DSLRs are nice, but sometimes--okay, a lot of the time--we just can’t
be bothered to schlep around a giant camera. Enter the compact camera.
At 4.2 ounces and 3.8 x 2.1 x 0.8 inches, the Pentax Optio P80 is a
solid choice for nights on the town or other casual situations where
it’s more important to capture the moment than the most technically
Headphone choice is very personal. Some people opt for sophisticated,
audiophile-approved $300 earbuds, while others pick up the cheapest
pair possible so it doesn’t hurt so much when they’re lost or broken.
And some want their earbuds to have little blinking lights. Of course
There’s nothing like a bold statement to get our attention, and Chris
Graves, president of Mac-centric Internet host MacHighway, makes this
one: His company is “presenting [its] services as an alternative to
MobileMe, as opposed to a replacement.” We take his nuanced wording to
mean that MacHighway Easy lacks the full features of Apple’s option,
but could still serve the same purpose for some customers by providing
email accounts, website hosting, and file-server storage. The service
even includes a domain name and other features beyond MobileMe’s scope.
But since MacHighway is inviting the comparison, we’ll have to ding it
for the areas where it can’t match MobileMe: ease of use, and iCal and
Address Book syncing.
Flash drives are easy to use and lose, potentially making your personal
files anybody’s business. Verbatim tackles this problem with the Store
’n’ Go, a USB flash drive with password protection. But the drive’s
security may be too inflexible for some users, and its software has
The worst part about airplane travel is, well, the plane. Besides being
cramped, crowded, and short on any decent snack foods, they’re also
noisy. So noisy that it’s difficult to make the hours zip by more
quickly by revisiting your favorite albums on an iPod or watching a
movie on your MacBook. Bose’s new Quiet Comfort 15 headphones are made
for just these moments. The active noise cancellation helps block out
background noise, and Bose’s considerable audio experience brings you a
clean-sounding set of cans--with a couple of drawbacks, however.
Queen’s ubiquitous “We Will Rock You” is a tune that will always rock
the sixth-inning rally, but when it’s on repeat for 25 minutes because
of duplicate copies in your iTunes library, it’s time to do some spring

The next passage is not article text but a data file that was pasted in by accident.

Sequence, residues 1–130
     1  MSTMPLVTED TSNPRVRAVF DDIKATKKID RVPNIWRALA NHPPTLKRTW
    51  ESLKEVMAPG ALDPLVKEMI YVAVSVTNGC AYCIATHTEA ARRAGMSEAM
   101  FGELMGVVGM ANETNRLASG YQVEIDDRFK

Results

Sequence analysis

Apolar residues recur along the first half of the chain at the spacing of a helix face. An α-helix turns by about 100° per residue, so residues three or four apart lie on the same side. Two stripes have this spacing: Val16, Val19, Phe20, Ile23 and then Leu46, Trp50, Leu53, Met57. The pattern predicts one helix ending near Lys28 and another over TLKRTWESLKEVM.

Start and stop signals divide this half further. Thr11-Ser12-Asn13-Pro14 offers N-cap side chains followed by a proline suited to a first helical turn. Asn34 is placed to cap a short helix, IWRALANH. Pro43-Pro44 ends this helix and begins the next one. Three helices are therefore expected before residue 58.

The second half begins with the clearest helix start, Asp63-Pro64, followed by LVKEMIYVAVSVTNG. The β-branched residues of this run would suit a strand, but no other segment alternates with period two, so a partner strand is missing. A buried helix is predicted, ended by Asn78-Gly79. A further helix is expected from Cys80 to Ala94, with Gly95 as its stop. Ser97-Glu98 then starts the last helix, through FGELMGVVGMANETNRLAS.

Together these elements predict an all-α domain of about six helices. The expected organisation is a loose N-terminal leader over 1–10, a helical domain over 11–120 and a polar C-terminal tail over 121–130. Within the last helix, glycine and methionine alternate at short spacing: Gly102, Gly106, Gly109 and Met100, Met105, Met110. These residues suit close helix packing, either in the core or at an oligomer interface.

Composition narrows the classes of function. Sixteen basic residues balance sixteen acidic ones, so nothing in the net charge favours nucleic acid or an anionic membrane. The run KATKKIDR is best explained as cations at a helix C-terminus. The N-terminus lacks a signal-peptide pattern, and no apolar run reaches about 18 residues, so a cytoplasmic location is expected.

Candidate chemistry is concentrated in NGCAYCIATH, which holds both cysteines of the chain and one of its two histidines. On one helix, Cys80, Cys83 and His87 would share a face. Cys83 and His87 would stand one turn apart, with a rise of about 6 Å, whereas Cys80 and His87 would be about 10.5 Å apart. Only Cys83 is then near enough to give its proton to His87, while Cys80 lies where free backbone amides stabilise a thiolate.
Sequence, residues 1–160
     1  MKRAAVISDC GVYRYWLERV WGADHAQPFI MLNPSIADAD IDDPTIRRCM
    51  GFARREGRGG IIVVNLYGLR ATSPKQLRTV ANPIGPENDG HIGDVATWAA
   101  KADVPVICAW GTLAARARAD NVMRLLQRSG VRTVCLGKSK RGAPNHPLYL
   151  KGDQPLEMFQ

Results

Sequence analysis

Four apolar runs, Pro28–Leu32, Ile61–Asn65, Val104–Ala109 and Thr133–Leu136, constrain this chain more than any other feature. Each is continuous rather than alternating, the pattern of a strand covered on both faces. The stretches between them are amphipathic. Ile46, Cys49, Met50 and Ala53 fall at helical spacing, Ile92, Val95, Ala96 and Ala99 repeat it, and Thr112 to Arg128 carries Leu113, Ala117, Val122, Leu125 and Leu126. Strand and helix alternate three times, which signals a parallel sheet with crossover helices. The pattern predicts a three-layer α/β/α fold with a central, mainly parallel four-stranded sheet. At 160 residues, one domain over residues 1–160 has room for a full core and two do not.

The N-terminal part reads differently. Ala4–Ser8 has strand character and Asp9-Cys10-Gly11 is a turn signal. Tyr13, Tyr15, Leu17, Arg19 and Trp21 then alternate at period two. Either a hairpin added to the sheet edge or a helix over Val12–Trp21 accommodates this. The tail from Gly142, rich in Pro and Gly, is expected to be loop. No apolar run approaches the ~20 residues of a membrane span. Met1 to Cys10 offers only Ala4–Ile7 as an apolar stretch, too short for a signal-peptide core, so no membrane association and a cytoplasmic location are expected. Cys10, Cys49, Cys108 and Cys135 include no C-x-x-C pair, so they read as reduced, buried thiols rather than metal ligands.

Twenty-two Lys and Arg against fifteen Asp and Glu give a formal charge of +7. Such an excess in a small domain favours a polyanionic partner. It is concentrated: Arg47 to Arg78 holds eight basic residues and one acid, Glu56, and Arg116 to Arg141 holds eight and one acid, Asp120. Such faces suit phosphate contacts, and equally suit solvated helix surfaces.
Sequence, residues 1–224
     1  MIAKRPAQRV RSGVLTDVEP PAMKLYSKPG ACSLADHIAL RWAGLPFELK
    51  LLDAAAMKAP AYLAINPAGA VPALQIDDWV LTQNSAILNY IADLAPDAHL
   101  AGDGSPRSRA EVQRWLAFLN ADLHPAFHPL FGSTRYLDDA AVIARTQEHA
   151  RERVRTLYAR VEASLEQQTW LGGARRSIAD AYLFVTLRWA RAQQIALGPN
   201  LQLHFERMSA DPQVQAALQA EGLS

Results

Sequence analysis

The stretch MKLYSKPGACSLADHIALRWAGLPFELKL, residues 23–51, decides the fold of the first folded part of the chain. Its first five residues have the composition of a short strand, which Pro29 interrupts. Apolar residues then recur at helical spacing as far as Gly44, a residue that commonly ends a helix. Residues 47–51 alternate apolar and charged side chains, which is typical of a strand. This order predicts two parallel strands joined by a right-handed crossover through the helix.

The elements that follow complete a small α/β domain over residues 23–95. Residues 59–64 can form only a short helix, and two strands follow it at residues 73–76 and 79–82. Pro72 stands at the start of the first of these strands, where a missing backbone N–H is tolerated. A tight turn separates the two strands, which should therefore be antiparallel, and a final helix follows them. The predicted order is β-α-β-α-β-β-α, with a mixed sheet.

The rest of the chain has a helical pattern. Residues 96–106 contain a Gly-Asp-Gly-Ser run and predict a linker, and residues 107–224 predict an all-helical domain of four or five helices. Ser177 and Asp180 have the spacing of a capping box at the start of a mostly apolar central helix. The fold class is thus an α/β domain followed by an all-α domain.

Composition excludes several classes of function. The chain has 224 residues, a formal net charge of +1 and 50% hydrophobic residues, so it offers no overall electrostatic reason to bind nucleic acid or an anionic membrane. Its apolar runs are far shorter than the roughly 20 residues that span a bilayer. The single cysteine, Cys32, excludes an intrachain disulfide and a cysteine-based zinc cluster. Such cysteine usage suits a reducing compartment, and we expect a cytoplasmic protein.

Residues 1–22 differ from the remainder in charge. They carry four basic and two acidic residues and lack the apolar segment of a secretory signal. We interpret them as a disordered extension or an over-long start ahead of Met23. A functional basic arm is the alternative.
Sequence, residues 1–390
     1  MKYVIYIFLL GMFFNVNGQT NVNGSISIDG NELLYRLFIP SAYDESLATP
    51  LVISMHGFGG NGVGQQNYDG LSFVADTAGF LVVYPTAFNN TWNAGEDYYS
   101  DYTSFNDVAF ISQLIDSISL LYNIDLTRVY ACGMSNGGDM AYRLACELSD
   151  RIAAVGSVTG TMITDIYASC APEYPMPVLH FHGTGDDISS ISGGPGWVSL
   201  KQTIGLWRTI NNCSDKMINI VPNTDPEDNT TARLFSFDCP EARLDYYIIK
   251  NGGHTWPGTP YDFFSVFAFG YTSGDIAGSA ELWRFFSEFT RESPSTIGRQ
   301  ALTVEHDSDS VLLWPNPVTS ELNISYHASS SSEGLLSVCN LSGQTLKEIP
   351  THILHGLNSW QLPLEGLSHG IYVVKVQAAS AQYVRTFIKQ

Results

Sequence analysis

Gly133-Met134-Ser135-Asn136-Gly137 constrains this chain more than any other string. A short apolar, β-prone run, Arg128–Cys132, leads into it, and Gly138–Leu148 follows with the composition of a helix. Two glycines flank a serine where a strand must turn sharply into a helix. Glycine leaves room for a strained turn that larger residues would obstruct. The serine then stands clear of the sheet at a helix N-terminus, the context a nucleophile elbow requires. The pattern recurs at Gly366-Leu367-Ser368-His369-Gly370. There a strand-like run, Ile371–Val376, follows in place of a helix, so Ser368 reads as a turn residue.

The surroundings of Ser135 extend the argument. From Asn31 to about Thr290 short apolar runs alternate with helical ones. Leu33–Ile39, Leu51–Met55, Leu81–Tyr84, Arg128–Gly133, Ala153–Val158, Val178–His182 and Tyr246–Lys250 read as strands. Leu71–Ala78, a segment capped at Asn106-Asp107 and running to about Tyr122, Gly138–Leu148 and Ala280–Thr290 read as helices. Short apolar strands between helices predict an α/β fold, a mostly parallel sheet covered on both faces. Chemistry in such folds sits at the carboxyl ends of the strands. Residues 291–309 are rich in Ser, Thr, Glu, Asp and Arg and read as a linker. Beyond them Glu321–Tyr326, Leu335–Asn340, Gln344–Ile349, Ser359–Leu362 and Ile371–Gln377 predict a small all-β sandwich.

cleaning. iTunes Dupes Barrier helps you quickly seek out and destroy
duplicate tracks, and it’s a bit more flexible than iTunes’ built-in
If you’ve never experienced the sinking feeling in your stomach when
you realize your laptop has been snatched, we hope you never have to.
The best defense is still to never leave your ’Book unattended, but if
you absolutely have to, a theft-resistant bag like PacSafe’s InfoSafe
can help keep it out of the clutches of evil.
If you don’t mind a game that uses chest size as an indicator of
success and happiness (we certainly don’t), The Movies packs a
ridiculous amount of depth and replayability that’ll reel in gamers,
creative types, and machinima fans. (Ma-shin-a-wha? It’s animation
created by a 3D graphics engine, usually one from a videogame.)
Every day, we wish iCal could do something that our Palm IIIx did in
1997. There’s a Palm calendar app called DateBk, and it has a feature
called Floating Events. The idea is that incomplete to-do items would
“float” to the next day, so if you forgot to do something, it wouldn’t
get left behind on your calendar as the days marched on. The fact that
BusyMac’s BusyCal brings that crucial feature to our calendar makes us
do a little happy dance, and that’s only scratching the surface of this
In the year 1 B.iP. (Before iPhone), all a smartphone was expected to
deliver was the ability to email on the go, sort of browse the
Internet, and maybe have two or three simple games to help pass the
time. Smartphone OSs were updated with the same frequency as
presidential elections, and the idea of one of those devices playing
nice with your Mac was laughable. Of course, once the iPhone hit the
market, smartphone makers scrambled to catch up. The Motorola Droid is
a prime example of that scrambling attempt to dethrone the iPhone as
the king of smartphones.